Blog / November 15, 2016

It’s about Value, not Price, When It Comes to Programmatic Media Cost

By Melanie Franke

One of the biggest challenges marketers face occurs when they encounter an unexpected media-buying opportunity, and they need to determine what value comes with the cost. With finite budgets planned out sometimes up to a year in advance, it’s easy to pass on good opportunities because the price tag is too high. Too often, marketers let good campaigns slip through their fingers because their current programs show promise and are much less expensive.


Programmatic media cost can be a major factor in this equation. Banner ads are budget friendly, easy to track and allow marketers to target a specific audience while video ad inventory is much more expensive, thus automatically increasing the cost of the campaign.

Although banner ads save money in the short term, these campaigns are less effective overall. Instead of investing $100,000 to drive $600,000 in additional sales, a marketer can wind up spending $50,000 to generate a measly $20,000 in incremental revenues.

Marketers need to get the spend right, but it needs to be relative to the value the campaign brings, which will save them a major headache in the long run. 

Tip: When approaching digital media, marketers should think less about the programmatic media cost of a new campaign and more about the value that campaign will deliver.

When approaching digital media, marketers should think less about the programmatic media cost of a new campaign and more about the value that campaign will deliver. While price considerations are certainly valid, brands must carefully consider how different services and inventory types contribute to their overall return on investment. More often than not, a well-executed media campaign will pay for itself.


One of the big benefits of programmatic technology is that it allows marketers to reach a given audience with relevant messaging across a wide range of platforms, formats and devices. However, a brand’s ability to make an impact with that audience varies a great deal based on what tactics they’re using to communicate their brand.

For instance, the programmatic media cost of a banner ad is pretty low, so a marketer can easily reach the right person at a low price. What this doesn’t account for is that the ad will have to compete for attention with the content the user is consuming and a number of other display ads on the page. At a time when 86 percent of consumers are ignoring banner ads altogether, brands will be lucky if a consumer focuses on their banner message for even a fraction of a second.

Enter pre-roll.

By contrast, pre-roll or mid-roll video ads takes up the entire screen, giving advertisers 15 or 30 seconds of uninterrupted time with the viewer. Additionally, viewer attention span is amplified when viewing premium video content. According to a recent report from FreeWheel, viewers watching premium video content complete 78 percent of the pre-roll ads they see.

Although programmatic media cost for this placement will be higher than for a standard banner ad, the ad experience is much more impactful and consumers are more likely to pay attention to the brand’s message, particularly when targeted at the right audiences.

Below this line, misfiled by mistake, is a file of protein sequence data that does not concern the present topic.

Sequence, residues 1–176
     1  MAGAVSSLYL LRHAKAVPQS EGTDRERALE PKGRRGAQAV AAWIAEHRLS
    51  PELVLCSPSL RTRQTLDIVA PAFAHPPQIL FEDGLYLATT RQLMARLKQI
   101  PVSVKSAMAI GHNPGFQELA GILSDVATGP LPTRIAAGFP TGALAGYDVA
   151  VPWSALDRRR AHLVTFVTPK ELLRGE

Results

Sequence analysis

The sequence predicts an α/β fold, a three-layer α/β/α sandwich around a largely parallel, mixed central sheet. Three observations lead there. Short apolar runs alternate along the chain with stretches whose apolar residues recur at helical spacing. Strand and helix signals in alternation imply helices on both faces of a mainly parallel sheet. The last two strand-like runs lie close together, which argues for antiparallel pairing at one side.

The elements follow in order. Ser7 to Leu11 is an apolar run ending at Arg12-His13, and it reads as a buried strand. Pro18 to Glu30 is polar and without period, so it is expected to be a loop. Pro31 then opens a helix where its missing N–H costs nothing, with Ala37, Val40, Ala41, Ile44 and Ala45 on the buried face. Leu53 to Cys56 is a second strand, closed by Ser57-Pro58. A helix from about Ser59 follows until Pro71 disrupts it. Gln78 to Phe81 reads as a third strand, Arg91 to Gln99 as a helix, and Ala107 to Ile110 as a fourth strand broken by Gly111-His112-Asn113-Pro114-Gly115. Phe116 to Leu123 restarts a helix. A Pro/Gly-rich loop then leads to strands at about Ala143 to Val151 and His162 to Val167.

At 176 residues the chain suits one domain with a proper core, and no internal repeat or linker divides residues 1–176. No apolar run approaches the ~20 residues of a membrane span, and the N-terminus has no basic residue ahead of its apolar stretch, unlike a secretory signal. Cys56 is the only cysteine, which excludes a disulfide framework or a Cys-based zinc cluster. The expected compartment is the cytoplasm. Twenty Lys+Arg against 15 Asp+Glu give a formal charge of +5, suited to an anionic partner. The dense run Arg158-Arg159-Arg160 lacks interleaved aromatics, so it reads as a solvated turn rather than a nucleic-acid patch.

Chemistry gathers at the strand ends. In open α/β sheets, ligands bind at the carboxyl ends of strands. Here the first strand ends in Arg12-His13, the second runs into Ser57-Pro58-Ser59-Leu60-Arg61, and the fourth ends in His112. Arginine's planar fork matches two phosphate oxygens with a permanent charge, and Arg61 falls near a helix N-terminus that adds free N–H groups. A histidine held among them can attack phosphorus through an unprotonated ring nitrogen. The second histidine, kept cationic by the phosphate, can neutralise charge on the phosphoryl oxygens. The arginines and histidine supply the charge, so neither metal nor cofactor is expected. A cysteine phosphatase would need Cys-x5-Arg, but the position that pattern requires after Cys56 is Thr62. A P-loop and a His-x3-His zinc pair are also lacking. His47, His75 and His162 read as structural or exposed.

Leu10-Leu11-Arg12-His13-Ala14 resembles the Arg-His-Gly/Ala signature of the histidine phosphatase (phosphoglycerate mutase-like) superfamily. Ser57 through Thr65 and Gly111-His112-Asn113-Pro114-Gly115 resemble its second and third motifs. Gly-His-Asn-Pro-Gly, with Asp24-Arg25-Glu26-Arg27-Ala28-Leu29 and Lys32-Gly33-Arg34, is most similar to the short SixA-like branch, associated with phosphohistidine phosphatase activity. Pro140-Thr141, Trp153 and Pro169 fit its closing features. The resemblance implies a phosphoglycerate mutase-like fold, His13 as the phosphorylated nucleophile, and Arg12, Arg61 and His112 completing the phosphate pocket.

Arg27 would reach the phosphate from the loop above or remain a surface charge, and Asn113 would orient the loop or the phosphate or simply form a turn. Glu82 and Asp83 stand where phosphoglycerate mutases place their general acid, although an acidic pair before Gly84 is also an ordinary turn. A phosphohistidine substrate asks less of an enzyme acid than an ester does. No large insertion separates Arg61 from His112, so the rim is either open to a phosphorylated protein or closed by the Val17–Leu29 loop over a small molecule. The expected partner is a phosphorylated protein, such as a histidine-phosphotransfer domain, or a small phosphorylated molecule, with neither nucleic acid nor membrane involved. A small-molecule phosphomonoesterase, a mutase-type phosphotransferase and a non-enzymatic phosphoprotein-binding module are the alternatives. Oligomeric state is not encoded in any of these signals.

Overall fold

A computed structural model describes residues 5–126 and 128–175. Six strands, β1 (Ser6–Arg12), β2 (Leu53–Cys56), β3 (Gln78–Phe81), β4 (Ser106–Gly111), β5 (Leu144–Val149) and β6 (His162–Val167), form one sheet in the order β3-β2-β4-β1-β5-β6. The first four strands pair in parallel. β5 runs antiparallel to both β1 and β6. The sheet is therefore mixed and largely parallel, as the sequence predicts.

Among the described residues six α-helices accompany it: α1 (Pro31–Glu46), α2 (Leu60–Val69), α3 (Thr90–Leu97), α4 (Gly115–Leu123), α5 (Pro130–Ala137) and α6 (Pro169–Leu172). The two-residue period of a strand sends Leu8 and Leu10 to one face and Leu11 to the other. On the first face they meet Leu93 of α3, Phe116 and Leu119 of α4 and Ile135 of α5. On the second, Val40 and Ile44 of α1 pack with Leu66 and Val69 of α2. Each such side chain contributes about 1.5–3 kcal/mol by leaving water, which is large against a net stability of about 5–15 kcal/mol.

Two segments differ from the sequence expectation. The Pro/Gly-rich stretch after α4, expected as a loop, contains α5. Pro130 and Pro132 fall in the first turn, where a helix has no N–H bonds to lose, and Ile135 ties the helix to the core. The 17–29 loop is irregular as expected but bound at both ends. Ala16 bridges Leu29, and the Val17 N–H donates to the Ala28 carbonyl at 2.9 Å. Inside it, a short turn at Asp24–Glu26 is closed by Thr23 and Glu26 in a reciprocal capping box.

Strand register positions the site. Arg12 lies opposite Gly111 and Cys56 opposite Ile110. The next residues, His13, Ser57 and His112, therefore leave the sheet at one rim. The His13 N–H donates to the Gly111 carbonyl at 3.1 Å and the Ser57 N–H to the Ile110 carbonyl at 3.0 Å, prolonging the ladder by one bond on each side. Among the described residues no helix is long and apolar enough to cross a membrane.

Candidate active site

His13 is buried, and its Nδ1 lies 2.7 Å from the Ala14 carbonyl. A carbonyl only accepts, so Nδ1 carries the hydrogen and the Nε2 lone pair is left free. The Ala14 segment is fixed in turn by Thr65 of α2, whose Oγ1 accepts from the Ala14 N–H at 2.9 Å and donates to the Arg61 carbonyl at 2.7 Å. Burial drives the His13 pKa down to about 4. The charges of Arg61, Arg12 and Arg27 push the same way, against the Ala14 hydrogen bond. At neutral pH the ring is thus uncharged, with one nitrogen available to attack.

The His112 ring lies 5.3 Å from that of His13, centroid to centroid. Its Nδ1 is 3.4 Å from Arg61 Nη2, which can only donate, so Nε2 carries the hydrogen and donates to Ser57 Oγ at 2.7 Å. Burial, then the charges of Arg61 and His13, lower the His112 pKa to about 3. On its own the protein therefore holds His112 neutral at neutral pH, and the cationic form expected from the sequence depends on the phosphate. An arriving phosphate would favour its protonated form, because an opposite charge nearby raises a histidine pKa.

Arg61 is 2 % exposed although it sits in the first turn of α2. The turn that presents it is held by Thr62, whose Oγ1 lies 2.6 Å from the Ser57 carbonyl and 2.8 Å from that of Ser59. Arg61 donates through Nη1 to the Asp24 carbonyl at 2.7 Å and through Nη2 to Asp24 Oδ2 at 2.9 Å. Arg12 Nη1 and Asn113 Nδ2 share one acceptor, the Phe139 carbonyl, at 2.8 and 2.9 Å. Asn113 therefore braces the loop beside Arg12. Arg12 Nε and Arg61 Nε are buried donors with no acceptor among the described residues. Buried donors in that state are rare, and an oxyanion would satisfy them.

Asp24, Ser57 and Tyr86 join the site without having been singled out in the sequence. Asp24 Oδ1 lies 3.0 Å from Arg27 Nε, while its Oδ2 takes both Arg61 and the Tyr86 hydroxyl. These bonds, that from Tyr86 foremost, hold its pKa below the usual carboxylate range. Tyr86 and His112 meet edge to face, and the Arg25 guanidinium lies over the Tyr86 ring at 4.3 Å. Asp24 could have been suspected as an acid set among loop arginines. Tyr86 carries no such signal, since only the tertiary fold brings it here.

The way marketers have traditionally broken video campaigns down into their various components doesn’t help with the cost/benefit equation. For instance, it’s quite common for brands to hire a creative agency to develop the video ads, then they go to the brand’s media agency where the audience is determined and finally, they make it to the media publisher to actually run the campaign. In this scenario, the media and target audience aren’t informing or talking to the creative at all, which creates a disconnect in the campaign.

This fragmentation makes it much harder to build a campaign in which the creative, audience and media-buying strategies work in cooperation to drive the advertiser’s intended results. While a retailer’s creative team can put together an ad touting its back-to-school specials, the content is only effective if it resonates with its various audience segments, such as parents of elementary school children versus parents of high school kids.

Marketers are more likely to see success if they can find a partner that manages the creative, audience and media all together. That way, all pieces of the campaign can inform each other as they launch, so if a certain creative is working really well with known buyers of the brand, then the brand can increase spend in that sector. In addition to benefitting from the unique expertise of a close partner, this strategy creates holistic, integrated marketing plans where every aspect of the campaign is linked together—from the creation of the initial KPIs, audience selection and content creation to the measurement of results after the campaign runs.


Digital marketing is increasingly becoming an arms race, with more money flooding into the market in each passing quarter. In order to succeed in such a crowded environment, brands have to evaluate programmatic media costs in a necessary effort to reach the right people with the right message—and in a setting where the user is really paying attention to what they have to say.

By making decisions based on value rather than price, marketers can give themselves the latitude to acquire quality inventory and build sophisticated plans for influencing their target customers. Although they might miss the extra budget in the short term, they’ll be glad to have spent it wisely when their bosses measure the performance of marketing campaigns to determine budget for the next fiscal year.  


More about the author

Melanie Franke Content Marketing Manager

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